Dying Stars

Frank Upton looked through his telescope into the night sky. He did this on most nights, not having much else to do. Unlike other middle-aged men, he did not have a wife to cheat on or a pub to retreat to — he despised the taste of alcohol, as well as most of the human beings on the planet. So instead, he entertained himself by staring into the endless void of space and finding dying stars.There was a time when supernovas were rare. You could almost count them on your fingers and toes — at least if you had a mutant number of digits. But nowadays stars were blinking out at an incredible rate. In tiny bright flashes, they would explode and then collapse, into tiny dense neutron stars or even black holes. Frank could find a half dozen a night, more than he used to find in a year. He wasn’t worried, though — there were an awfully large number of stars still left in the sky.

This night was a record-breaker, though. Nine supernovas in the first hour of darkness, so many Frank was swiveling his telescope around like a fashion photographer trying to capture all the good angles. The professionals were probably much better than he was, but he still liked to record his own findings in a little brown notebook. Tonight his usually neat handwriting was becoming scribbles.

Then, all of a sudden, three or four supernovas happened all in a row, in a little arc in the bit of sky he was observing. But they were too big, too bright, too sudden to be supernovas. Frank was reminded of the sparkling sequins on his mother’s evening gown. He used to think the whole sky was made of sequins.

He blinked once, and the flashes were gone. He frowned a little, looking down at his notebook, trying to decide what to do with this anomaly. There was no reason to write them down, really. He had so many written down already, and at any rate, it was probably just a low-flying satellite. With one last skeptical look at the sky, he decided to go to bed early.

“Hello, there,” someone said quietly.

Frank was mildly surprised to find someone on his porch. He turned around, but no one was there.

“No, no. Down here!” the voice insisted.

Turning back, he looked down. Frank saw a miniscule flying saucer sitting on his open notebook.

“Yes, well, look. I don’t mean to be rude, but we haven’t got very long. The galaxy is coming apart at the seams — quite literally, in fact — and we need to pick up some family on our way out of town. Would you be a dear…?”

The spaceship was speaking to him. Or rather, someone was speaking to him through the spaceship. The voice was tiny and tinny, the Oxford accent mingling with a hint of static.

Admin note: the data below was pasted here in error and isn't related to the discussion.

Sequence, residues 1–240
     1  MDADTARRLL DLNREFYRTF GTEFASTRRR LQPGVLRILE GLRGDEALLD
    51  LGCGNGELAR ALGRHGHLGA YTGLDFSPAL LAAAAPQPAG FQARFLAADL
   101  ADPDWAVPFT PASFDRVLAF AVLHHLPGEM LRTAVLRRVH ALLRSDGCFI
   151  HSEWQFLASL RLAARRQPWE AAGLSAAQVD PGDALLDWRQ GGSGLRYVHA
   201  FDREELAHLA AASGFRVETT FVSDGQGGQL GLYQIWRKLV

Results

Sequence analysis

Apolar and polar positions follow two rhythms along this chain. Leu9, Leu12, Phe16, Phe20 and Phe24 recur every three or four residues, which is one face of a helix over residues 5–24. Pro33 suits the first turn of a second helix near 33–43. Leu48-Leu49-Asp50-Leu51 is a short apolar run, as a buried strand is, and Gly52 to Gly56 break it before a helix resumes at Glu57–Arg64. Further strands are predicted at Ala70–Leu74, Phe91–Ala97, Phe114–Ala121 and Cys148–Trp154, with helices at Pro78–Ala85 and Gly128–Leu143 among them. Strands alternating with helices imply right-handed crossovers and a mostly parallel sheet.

“What?” said Frank.

“Family. Relatives. Kin. You know, the kind of folk you see once a year if you have to, but only if they serve you a good dinner and do your dirty laundry?”

Frank nodded dumbly.

“Right then. Would you please tell your inhabitants that no matter who broke the crystal chandelier, we’re not about to leave them to rot when this place blows to bits.”

“Excuse me,” asked Frank as politely as he could. “My inhabitants?”

“You are a human being, are you not? A wise ape or what have you?” To this Frank nodded again. He thought he heard the little spaceship sigh. “This side of the family always did have a taste for modern architecture,” it said with disdain. Then, as if talking to itself, it said, “These newer models are simply impossible. Why not use a knocker or a simple doorbell like everyone else? Honestly.”

All of a sudden, Frank felt sick. He gagged, and almost threw up, and then for no reason at all he said, “Alright, alright, we’re coming…”

Then the most amazing thing happened. Every germ and every bacterium, from every part of his body, got up and moved away. The ones in his colon, the ones in his stomach, the ones in his nose, in his mouth, in his brain, on his skin… they all simply left. Frank could feel this happening more than see it, really, and it felt very odd. It was as if he had swallowed a gallon of drain cleaner and snorted a bit too much ginger, and had then been scrubbed with a bristle brush inside and out.

A new voice came over the spaceship’s microscopic speakerphone. It was a little tearful: “Um, goodbye. You were a… a wonderful home. But we’ll rebuild, won’t we? We’ll survive, we will! That’s what home-owner’s insurance is forrrr!”

With that, the miniature flying saucer lifted off from the notebook with a puff of smoke and much blinking of tiny lights, and flew away.

It was all a bit melodramatic, Frank thought. But at least he was glad to be rid of his germs. In fact, as he went to bed, he hardly noticed that every bacterium in his entire house was gone as well. If he had, he might have guessed that bacteria had simply vacated the entire planet, leaving in little spaceships like the one his had left in.

Frank went into the bedroom without washing up. He closed his eyes and lay on the bed for what seemed like hours. He just couldn’t fall asleep. He opened them again and glanced out of the window, staring into the starry night. Except it wasn’t starry anymore — it was made up of millions of flashes, like a stadium full of photographers. It was made of sequins.

And one by one, Frank Upton watched the stars die out.

10 Jun 2007 Uncategorized

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